From my perspective, humans are in a symbiotic relationship with nature. As we evolved together, our bodies relied on plants and minerals in their natural states for balance and support. When I champion more validation for our natural products, I’m not suggesting we simply adopt the mandated process for chemical pharmaceuticals, but rather that we develop a customized testing methodology for herbal and natural supplements that takes the discernment of integrative and functional medicine, as well as the inherent concinnity of plants and minerals with our bodies, into account.
Let’s work with the FDA to create a pathway for manufacturers to conduct double-blind, placebo-controlled studies on their natural formulas in at-risk and disease-state populations. It’s currently not regulated by DSHEA, but establishing such a path would further set us apart from the bad apples.
Allowing us to reveal the true potential—the good and the bad—of the high-quality ingredients in our synergistic formulas will enable Americans to have a true choice between tested and validated natural supplements and pharmaceuticals.
Supporting the FDA
You might be thinking: “If our customers were having challenges with nutritional supplements, if they were experiencing negative side effects from our products, there would be a lot more complaining, and the FDA would do more to protect our U.S. citizens.” And I’m with you. The government isn’t directing resources to the FDA to enforce DSHEA because there really isn’t a big problem here. But that doesn’t mean you and I shouldn’t stand up for the handful of customers who are getting swindled and hurt by those bad apples. Which is why we need to not only hold each other accountable to a higher standard of quality control but also to take it upon ourselves to help the FDA enforce the existing regulations.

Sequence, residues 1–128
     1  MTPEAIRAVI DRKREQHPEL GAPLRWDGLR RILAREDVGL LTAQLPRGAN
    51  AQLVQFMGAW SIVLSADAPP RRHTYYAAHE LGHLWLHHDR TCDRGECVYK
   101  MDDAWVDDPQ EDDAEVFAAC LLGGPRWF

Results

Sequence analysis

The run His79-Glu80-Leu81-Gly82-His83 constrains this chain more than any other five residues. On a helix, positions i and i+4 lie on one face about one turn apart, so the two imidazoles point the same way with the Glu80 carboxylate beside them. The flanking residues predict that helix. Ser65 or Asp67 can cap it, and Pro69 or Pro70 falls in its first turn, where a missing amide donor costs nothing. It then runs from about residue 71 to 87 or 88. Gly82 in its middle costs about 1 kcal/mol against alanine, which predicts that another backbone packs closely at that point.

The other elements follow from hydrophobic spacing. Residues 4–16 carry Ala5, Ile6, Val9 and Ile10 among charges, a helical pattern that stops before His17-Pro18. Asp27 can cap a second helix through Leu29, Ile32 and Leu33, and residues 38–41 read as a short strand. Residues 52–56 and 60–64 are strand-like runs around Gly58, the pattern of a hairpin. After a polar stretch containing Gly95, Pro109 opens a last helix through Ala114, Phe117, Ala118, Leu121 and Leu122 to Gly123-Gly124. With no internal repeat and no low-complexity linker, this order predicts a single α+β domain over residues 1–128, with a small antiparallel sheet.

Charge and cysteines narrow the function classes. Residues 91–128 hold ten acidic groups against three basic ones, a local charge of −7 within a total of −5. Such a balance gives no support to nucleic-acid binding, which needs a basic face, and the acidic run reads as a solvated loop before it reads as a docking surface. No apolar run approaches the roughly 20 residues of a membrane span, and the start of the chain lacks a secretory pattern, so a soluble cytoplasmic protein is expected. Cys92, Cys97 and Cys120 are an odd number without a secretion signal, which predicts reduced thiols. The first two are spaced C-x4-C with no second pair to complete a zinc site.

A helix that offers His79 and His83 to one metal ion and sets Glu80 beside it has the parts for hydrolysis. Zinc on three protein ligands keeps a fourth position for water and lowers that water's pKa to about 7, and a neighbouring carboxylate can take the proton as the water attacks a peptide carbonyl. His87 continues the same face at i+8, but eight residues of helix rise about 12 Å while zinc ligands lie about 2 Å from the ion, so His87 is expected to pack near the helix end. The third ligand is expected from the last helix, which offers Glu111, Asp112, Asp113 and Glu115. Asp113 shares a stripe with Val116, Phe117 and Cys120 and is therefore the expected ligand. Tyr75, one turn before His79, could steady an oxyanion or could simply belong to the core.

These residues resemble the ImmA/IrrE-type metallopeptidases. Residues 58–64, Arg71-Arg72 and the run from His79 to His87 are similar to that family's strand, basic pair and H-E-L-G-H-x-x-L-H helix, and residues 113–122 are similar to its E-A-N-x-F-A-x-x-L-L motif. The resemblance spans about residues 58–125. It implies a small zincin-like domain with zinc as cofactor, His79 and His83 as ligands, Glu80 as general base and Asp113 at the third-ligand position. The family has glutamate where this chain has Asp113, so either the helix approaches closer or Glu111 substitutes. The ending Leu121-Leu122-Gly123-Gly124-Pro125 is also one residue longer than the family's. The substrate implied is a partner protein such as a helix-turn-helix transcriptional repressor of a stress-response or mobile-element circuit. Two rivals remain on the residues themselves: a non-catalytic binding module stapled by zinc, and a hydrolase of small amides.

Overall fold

As a rep for Nature’s Way more than a quarter of a century ago, I was too young to even secure a rental car. A lot has changed for me since then, and it’s safe to say I’m a different man. I still hold on to the principles I had when I started in this industry—and I have faith that the great majority of my colleagues do, too. But I also recognize that it’s time for us to apply the knowledge and experience we’ve gained over the past 25 years to change and improve DSHEA. I believe the American people are demanding it.
We should demand it, too.
This guest piece was published in the Nutrition Business Journal's Market Overview Issue and is featured in the new NBJ Supplement Business Report.